Many processors

Blade servers use a fairly wide range of processors, from low-cost Pentium IIIs to high-performance Intel Xeons running at 2 GHz or faster. You should work closely with the vendor to determine which architecture and processors will be most efficient.

Blades with single, low-end processors can save users money on up-front costs and electrical bills if their workloads don't require lots of horsepower, such as for edge-of-network service like load balancing, firewalls or print and file serving, according to IBM.

For large, enterprise-class workloads, choose blade systems with high-end, dual chip sets'quads aren't yet generally available, though Hewlett-Packard just released the ProLiant BL40p series, too late for inclusion in the accompanying chart on Page 46. Prices for the quad systems range from $8,238 for a 1.5-GHz system to $18,268 for a 2-GHz system.

By most measurements, blade servers stack up well against other server architectures. Consider the following categories.

Scalability. Scaling a typical blade server generally involves little more than sliding a new blade into an open bay on the chassis. Via management software, the system configures it to the network, and boots from its own disk or from a network storage device. You can scale a blade server up or down without touching power, networking, serial or I/O cables.

Versatility. Advanced designs support a mix of blades with different types and speeds of processors. Enterprise workloads can be consolidated in one chassis, without the need for rackmount 1U servers and standalone servers to perform different functions.

High availability. Like conventional rackmount servers, blade servers include plenty of high-availability features such as redundant or hot-swappable components. But they take it a step further because the blades themselves can be hot-swapped. The more advanced servers can be designed so that there is no single point of failure.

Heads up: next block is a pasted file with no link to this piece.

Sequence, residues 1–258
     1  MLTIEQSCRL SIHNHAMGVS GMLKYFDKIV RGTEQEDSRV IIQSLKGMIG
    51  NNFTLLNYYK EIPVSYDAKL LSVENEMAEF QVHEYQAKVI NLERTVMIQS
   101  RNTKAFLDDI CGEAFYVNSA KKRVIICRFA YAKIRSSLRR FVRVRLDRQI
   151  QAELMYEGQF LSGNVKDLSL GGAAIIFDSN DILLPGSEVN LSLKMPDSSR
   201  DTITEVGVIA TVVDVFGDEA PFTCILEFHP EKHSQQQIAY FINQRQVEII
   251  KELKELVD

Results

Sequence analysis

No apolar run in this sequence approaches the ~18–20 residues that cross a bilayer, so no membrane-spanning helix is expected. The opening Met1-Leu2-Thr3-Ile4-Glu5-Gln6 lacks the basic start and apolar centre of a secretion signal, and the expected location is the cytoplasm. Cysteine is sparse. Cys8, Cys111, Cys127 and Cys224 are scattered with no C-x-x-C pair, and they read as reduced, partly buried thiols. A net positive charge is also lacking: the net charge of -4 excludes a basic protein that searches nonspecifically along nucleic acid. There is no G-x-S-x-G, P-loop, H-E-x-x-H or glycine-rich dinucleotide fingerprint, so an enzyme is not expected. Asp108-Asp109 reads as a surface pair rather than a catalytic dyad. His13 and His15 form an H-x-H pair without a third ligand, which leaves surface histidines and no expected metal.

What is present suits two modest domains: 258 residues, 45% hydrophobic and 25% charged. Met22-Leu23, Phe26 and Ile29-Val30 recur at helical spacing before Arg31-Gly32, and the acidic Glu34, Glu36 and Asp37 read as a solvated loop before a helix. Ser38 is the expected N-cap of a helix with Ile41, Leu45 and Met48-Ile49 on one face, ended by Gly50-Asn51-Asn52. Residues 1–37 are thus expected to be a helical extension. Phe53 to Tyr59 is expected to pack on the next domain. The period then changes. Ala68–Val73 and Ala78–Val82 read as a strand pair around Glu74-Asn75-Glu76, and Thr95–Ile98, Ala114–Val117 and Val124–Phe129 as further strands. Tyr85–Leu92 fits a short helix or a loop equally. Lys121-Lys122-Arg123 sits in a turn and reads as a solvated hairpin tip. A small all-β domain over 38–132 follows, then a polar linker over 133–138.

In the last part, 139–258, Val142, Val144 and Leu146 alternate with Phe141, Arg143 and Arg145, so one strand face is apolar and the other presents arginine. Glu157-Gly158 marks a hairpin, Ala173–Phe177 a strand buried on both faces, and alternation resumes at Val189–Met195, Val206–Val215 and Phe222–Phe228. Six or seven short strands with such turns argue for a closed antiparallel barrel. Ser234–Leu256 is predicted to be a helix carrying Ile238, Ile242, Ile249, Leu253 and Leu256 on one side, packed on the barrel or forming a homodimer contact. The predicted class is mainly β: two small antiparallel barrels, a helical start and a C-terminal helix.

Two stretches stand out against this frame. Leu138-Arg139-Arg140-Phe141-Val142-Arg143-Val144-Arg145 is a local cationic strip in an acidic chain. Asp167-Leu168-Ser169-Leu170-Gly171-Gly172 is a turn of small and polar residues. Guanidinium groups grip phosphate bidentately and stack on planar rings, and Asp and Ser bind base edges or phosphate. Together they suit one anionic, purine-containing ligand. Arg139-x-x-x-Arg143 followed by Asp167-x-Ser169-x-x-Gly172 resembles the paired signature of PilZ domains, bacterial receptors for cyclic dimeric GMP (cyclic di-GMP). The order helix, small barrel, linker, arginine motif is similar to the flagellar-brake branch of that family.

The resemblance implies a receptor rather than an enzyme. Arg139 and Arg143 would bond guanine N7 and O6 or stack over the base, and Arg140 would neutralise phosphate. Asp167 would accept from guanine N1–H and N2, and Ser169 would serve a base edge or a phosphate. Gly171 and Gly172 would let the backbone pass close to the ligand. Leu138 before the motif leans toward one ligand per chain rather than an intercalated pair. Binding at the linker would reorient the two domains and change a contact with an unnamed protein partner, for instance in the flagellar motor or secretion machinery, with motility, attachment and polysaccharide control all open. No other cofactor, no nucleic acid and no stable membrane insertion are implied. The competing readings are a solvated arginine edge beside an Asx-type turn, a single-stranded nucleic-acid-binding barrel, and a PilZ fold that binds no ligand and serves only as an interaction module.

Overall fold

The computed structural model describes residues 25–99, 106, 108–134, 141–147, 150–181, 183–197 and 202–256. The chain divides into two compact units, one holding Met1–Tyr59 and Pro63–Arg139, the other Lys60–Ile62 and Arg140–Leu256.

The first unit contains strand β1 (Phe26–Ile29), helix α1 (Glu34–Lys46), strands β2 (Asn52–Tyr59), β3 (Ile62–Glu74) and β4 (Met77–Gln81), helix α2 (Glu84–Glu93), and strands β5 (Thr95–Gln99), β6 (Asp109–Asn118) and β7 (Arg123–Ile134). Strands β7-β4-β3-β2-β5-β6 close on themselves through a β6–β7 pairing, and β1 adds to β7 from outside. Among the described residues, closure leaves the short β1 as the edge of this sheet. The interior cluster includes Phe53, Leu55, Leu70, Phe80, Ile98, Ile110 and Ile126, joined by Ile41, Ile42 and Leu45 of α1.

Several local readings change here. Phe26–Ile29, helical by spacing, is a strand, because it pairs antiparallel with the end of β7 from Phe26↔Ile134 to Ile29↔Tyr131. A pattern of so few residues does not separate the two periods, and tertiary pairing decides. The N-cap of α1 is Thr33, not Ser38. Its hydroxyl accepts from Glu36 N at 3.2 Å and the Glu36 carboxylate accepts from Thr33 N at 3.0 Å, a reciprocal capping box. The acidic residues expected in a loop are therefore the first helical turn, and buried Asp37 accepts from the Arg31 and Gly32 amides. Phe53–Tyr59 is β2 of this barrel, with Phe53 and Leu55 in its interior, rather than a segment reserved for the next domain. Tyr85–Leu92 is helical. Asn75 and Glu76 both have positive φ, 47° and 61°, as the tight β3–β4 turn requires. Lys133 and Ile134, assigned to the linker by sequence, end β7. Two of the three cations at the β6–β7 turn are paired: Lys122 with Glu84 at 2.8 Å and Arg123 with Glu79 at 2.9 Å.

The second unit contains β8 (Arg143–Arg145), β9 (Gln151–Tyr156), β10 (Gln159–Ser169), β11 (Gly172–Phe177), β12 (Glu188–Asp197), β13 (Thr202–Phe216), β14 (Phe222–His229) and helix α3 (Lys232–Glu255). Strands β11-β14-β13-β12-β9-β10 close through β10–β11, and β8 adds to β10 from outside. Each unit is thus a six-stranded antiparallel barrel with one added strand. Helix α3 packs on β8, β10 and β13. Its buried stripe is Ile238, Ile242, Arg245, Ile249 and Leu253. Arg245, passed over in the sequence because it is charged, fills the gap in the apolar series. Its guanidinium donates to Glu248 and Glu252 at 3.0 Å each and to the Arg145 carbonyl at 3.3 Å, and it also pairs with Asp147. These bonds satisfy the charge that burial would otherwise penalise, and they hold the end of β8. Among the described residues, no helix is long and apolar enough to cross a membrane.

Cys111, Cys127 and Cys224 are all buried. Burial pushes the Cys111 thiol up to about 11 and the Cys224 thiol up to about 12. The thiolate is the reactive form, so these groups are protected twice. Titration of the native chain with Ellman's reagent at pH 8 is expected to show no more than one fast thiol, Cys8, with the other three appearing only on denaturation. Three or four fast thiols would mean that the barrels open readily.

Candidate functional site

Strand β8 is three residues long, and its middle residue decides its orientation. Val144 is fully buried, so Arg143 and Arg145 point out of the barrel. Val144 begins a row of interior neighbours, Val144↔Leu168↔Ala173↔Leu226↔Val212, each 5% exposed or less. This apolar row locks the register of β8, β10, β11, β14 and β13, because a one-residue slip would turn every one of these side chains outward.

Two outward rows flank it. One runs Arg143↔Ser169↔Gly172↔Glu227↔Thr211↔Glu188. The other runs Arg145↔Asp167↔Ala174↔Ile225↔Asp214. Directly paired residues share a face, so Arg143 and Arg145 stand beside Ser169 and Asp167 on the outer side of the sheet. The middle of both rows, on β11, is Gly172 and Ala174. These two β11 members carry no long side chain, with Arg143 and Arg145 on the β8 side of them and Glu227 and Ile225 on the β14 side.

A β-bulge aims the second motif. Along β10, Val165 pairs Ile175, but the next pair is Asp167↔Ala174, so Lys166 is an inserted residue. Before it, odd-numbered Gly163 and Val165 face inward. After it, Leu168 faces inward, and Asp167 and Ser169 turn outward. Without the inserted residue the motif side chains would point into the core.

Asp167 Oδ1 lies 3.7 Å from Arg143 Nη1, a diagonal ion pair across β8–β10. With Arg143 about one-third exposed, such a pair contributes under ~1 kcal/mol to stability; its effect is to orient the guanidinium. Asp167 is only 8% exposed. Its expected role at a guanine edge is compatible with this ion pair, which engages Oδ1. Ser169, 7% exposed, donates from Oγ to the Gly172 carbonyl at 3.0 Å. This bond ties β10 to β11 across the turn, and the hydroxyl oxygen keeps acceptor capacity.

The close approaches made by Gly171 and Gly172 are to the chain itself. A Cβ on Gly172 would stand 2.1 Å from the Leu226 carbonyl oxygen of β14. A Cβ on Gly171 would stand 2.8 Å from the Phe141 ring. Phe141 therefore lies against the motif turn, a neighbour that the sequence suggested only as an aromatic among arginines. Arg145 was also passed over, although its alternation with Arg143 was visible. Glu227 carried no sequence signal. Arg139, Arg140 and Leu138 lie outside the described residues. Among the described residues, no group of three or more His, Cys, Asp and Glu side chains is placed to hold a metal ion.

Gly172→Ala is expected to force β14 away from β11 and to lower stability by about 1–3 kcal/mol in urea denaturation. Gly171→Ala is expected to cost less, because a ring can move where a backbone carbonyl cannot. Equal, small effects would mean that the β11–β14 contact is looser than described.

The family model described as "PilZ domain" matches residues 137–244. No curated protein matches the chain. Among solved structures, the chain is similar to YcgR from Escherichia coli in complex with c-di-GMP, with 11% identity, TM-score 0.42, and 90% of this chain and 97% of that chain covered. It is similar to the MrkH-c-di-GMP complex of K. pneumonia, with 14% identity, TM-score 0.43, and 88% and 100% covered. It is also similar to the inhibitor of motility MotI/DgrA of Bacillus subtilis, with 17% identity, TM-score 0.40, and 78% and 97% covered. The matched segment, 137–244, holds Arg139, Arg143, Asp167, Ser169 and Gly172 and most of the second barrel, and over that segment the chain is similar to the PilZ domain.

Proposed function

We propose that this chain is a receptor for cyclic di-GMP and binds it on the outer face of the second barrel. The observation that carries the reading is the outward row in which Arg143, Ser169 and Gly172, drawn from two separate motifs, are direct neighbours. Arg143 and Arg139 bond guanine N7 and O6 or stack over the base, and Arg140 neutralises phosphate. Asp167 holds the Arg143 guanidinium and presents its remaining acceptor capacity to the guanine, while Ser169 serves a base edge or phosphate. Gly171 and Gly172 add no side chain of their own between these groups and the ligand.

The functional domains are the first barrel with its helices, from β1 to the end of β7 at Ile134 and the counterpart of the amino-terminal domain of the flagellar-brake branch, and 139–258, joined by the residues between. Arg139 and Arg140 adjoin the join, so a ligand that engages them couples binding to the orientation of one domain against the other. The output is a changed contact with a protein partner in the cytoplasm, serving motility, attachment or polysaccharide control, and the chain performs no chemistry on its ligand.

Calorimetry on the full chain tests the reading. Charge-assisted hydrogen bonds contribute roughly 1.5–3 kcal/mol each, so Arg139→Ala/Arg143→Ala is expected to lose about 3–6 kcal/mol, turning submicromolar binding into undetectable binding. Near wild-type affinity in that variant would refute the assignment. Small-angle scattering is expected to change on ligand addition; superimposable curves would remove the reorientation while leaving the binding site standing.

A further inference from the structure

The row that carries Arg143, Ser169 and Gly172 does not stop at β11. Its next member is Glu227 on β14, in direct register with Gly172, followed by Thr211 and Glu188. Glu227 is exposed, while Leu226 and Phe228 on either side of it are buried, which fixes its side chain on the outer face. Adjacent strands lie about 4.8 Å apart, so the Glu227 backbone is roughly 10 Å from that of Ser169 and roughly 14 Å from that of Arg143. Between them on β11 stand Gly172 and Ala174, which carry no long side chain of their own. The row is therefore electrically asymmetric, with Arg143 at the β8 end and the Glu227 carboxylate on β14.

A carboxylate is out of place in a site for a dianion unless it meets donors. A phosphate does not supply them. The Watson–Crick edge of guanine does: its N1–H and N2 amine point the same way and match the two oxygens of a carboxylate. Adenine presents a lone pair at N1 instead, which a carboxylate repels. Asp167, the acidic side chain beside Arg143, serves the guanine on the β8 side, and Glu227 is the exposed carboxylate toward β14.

Cost. Blade servers share power units, cabling, switches and other key components, resulting in lower initial and ongoing costs than other servers have. They generally use less power per CPU than standard servers, and can be running within minutes, saving technicians' time. They also require about half the floor space of rackmount servers.

Industry analysts are optimistic about blade servers' future, but I'd carefully ponder the following points before jumping on board:
  • To date, only a handful of manufacturers are shipping blade servers; it's difficult to make honest product comparisons or assess the potential success or failure of the new form factor. Manufacturers also have adopted different nomenclatures and widely different designs for their products.

  • Blade servers are proprietary, so you can't just stick one manufacturer's blade into another's chassis and make it work.

  • Check on how well a server's management software consolidates information from other network components.

J.B. Miles of Pahoa, Hawaii, writes about communications and computers. E-mail him at jbmiles@hawaii.rr.com.